A woman living in Corinth around A.D. 50 loses a lover but finds another, along with a new faith.
In this historical novel, Whitley (Light to the Darkness, 2008, etc.) tells the story of Helena, a young woman who’s a ward of Claudia Sylvana, a wealthy, politically connected woman in a prosperous Roman province of “Greeks living in a Roman world.” Claudia’s husband, Gaius Marius, rapes Helena, and she discovers that he also apparently caused her father’s suicide due to a usurious loan. Helena plans revenge but finds Gaius already dead when she arrives to stab him. Fearing she’ll be wrongly accused, she leaves with her newfound friend Erastos, who hustles her to safety with the apostle Paul and his followers. Once a famous actor, Erastos falls for Helena, but she loves Ares, her childhood sweetheart. She receives news he’s drowned, but later learns that he was in fact enslaved and then freed on a deserted beach, where a group of Christians found him and nursed him back to health. Ares converts to Christianity, devoting his life to Jesus and Paul. Paul, meanwhile, is assailed by Jewish zealots and brought before a Roman court for his teachings, but Helena gets Claudia to pull some strings and he’s set free. Several more men attempt to rape Helena, but brave rescuers always save her. When she tries to sound out Ares on marriage, he explains he’s devoted his life to Christ. At loose ends spiritually and emotionally, Helena flees more unwanted amorous advances. After helping a family of poor itinerant farm workers, she sees the light, forgives all those who have transgressed against her, chooses a husband, and embraces a new religion. Whitley has written an unpretentious book that works as a love story on a couple of levels—of a woman losing one man’s love but finding another’s, and also of someone discovering the love of all humanity. Despite an occasional slip—what, for instance, is a “limpid hand”? —Whitley’s writing is clear and well-paced, and she draws a believable picture of her characters and life during the days of St. Paul. Her description of a dinner party in which the guests flatter their powerful Roman host, for instance, is dead on, and the unfolding tale of Helena’s predicaments and gradual resolution is convincing and sometimes poignant.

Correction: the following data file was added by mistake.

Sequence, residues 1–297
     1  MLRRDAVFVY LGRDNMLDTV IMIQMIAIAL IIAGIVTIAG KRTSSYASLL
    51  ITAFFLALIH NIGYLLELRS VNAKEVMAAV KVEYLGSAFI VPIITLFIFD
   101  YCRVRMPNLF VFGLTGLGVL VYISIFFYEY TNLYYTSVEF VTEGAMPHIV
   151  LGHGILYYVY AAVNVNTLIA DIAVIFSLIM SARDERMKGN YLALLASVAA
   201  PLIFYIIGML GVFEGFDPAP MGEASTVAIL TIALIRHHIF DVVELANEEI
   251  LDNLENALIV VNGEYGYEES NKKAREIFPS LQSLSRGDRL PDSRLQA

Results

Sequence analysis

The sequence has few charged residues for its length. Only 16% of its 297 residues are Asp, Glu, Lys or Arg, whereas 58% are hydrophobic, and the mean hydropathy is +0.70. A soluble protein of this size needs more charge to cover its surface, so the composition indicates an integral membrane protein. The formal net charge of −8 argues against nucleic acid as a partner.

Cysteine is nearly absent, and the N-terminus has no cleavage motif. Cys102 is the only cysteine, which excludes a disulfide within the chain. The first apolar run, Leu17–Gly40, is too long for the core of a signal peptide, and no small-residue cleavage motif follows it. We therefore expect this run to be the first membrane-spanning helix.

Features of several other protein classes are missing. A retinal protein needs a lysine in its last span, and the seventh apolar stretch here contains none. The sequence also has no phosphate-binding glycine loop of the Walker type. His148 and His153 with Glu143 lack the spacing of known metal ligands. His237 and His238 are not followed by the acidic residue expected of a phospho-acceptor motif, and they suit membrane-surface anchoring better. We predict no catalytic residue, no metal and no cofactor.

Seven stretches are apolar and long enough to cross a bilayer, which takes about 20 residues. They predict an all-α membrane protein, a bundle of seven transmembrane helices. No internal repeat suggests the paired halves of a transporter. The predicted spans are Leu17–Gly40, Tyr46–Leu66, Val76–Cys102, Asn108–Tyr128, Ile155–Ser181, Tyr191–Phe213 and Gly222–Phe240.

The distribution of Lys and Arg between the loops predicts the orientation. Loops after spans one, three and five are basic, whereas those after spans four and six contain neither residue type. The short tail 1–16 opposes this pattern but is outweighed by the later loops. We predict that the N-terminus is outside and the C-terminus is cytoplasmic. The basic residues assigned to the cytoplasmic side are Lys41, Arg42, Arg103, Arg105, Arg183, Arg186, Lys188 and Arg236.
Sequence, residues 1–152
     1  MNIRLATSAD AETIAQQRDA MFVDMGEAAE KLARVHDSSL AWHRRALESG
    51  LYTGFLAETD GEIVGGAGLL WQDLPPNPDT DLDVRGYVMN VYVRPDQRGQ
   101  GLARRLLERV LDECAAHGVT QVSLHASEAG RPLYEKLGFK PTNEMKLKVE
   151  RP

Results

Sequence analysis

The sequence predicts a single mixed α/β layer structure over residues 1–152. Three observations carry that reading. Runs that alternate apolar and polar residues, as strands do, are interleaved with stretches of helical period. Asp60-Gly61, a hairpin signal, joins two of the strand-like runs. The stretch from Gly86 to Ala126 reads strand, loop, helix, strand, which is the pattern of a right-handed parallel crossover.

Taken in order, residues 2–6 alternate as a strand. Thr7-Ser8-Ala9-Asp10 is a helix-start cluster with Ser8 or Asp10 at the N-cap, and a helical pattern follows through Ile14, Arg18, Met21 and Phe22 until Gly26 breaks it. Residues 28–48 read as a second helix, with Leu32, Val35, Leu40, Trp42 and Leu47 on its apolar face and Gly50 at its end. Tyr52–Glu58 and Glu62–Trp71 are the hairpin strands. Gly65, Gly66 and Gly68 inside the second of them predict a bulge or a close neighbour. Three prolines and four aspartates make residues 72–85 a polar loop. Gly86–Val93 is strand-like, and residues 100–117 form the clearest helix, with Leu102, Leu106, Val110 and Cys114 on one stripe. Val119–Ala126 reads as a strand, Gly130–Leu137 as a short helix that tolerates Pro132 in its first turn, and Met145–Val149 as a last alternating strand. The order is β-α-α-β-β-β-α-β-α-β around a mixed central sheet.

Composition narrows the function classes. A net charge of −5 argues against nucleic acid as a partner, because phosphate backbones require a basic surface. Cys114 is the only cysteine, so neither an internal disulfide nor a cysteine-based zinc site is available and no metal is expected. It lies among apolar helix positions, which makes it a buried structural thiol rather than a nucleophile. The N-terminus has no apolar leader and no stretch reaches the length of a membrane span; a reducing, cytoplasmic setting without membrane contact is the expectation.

While its message may deter atheists and other skeptics, this novel should appeal to the religiously inclined and those interested in Christianity’s first stirrings.